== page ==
Henry Kippin (1882 - 1968)
Henry Kippin was the last of three generations of local people who swept the chimneys of Hampstead for over a hundred years. He was born at 3 Perrins Court, now occupied by the Villa Bianca Italian restaurant. His father’s handcart is preserved in the garden of Burgh House. Henry’s family moved to Portsmouth, where he died. He is buried with his wife Ellen.
What do we know about Henry Kippin and his ancestors? The Kippin family was an ordinary Hampstead family. They were not famous, and so it is more difficult to find things out about them. But we can discover quite a lot.
Henry, his grandfather (also called Henry), his father Edwin and his uncle John were all sweeps living and working in Hampstead. Being a chimney sweep in Victorian times was not a popular trade because it was dirty and unpleasant, and this didn’t change very much even with the introduction of vacuum cleaners in the 20th century. It was mainly people who were born into the trade who became sweeps.
Grandfather Henry was born in Mitcham, Surrey, and in 1841 was a journeyman sweep (that is, an employee who was fully trained, rather than an apprentice who was learning the job), working for a man called Josiah Bowden who lived in the Vale of Health. Henry married in 1842 and set up his own business, living in Holly Hill with his wife and one employee. As their family grew they moved to Yorkshire Grey Yard (see page on the Town Improvement Scheme for a map of old Hampstead to find all these places).
By 1881 his two sons, John and Edwin, were both established as sweeps in Hampstead. John and his family lived in Willow Terrace, and Edwin and his family lived in Perrins Court. Edwin had five children, including young Henry, and continued working into his 60s.
Unlike his younger brothers, our Henry became a sweep working for his father, and married Nellie, a cook in a house in Carlingford Road, in summer 1903. (Perhaps she worked for one of his customers, and he met her when he swept their chimneys?) They had two children and, by 1911, were all living at New Buildings, Flask Walk. There is a memorial there to all the residents who fought in the first World War. It shows that Henry volunteered and joined an AA Corps. After the war he returned to Hampstead and to his old trade, retiring after the second World War. After Nellie died in 1957, Henry went to live with his son in Portsmouth.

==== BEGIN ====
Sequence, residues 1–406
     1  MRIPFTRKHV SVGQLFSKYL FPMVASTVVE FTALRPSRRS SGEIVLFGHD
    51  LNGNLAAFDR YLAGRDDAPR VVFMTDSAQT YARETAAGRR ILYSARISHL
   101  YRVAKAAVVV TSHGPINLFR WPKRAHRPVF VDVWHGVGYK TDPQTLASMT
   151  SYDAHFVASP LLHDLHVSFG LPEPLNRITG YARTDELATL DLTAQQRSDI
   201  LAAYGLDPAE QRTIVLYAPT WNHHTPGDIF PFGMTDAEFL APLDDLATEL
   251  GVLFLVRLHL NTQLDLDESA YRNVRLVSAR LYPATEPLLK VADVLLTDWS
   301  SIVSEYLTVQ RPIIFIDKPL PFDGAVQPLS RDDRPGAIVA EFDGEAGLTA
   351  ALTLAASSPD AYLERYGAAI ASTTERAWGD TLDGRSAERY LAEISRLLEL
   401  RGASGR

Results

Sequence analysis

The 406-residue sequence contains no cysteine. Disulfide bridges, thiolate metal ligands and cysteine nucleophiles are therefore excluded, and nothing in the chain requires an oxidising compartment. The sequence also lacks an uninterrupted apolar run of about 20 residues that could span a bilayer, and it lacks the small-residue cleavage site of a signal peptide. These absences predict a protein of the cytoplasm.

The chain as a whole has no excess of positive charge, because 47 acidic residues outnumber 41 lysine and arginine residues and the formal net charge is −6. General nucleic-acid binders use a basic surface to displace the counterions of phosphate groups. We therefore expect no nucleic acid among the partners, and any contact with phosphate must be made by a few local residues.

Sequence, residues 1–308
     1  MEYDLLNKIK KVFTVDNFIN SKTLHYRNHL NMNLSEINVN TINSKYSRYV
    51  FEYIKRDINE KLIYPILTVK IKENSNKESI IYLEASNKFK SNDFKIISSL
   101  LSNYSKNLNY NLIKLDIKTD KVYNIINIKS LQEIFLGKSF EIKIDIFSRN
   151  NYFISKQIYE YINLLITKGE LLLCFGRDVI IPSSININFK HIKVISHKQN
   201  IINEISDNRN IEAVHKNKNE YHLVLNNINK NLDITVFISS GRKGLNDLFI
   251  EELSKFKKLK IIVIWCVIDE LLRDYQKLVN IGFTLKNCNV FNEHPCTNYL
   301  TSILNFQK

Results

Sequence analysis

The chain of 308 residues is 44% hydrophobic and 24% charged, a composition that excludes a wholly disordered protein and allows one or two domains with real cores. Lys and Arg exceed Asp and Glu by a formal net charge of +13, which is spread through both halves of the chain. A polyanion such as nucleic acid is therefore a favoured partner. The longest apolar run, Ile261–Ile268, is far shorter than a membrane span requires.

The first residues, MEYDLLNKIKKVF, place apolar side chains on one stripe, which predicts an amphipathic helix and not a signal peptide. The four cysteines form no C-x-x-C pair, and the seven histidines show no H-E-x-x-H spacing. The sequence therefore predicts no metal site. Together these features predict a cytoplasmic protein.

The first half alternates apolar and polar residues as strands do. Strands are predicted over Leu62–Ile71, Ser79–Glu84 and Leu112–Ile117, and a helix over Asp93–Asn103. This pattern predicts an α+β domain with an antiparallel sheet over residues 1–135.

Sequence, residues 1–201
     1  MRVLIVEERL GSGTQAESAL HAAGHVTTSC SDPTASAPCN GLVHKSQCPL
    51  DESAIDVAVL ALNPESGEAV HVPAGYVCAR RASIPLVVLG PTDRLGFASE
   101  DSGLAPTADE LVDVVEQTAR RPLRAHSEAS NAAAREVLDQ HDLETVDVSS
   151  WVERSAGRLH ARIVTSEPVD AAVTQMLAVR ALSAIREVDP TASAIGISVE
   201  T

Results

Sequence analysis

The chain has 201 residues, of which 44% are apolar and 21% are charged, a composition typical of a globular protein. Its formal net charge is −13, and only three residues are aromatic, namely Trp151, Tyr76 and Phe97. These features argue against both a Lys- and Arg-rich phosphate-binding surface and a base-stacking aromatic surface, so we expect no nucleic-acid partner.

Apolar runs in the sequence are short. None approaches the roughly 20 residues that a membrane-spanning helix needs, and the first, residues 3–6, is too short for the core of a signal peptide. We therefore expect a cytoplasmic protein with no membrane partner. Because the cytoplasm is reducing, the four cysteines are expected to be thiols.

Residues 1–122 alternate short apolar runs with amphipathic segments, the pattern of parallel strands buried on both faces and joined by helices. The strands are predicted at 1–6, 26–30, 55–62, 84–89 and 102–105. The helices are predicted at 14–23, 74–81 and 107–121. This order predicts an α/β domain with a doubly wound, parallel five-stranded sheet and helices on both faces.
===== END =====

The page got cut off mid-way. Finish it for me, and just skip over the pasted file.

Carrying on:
This was the end of the family tradition – over 100 years of sweeping chimneys in Hampstead. We don’t know if the Kippins used climbing boys in the earlier years. Most sweeps did until it became illegal, which happened before our Henry was born. You can see the cart that Edwin used to carry his brushes at Burgh House (there is a picture of it on this page), and note the other services that he offered to his customers.
In Charles Dickens’s Oliver Twist a particularly vicious chimney sweep called Gamfield wants to take Oliver as an apprentice. You can link to a copy of ‘Oliver Twist’ through this link to Project Gutenberg – http://www.gutenberg.org/files/730/730-h/730-h.htm. Use Ctrl F and enter ‘Gamfield’ to get references in the book to the sweep.
Perhaps the most famous children’s story about a climbing boy is Charles Kingsley’s story of Tom in ‘The Water Babies’ which can also be read via Project Gutenberg – http://www.gutenberg.org/ebooks/36309. This html version doesn’t have page numbers but up to the end of what is the first twenty pages of the book (when Tom looks in the bedroom mirror and sees how dirty he is) there is a good description of the life of a climbing boy.
Decennial Censuses 1841 – 1911; GRO records of Births, Marriages and Deaths; Memorial Inscriptions (ABG grave numbers F19 and G22)
Henry Mayhew (1861-2), ‘London labour and the London poor: volume 2’ (London: Frank Cass & Co) has information about chimney sweeps in the 19th century. Here is a brief summary of the legislative history of the use of child labour in sweeping: Children and chimneys
Feature by the group Friends of the Earth on London smog and the Clean Air Act of 1956
Article by Carolyn Tuttle on developments in child labour during the British Industrial Revolution
This page was last updated on November 28th, 2020.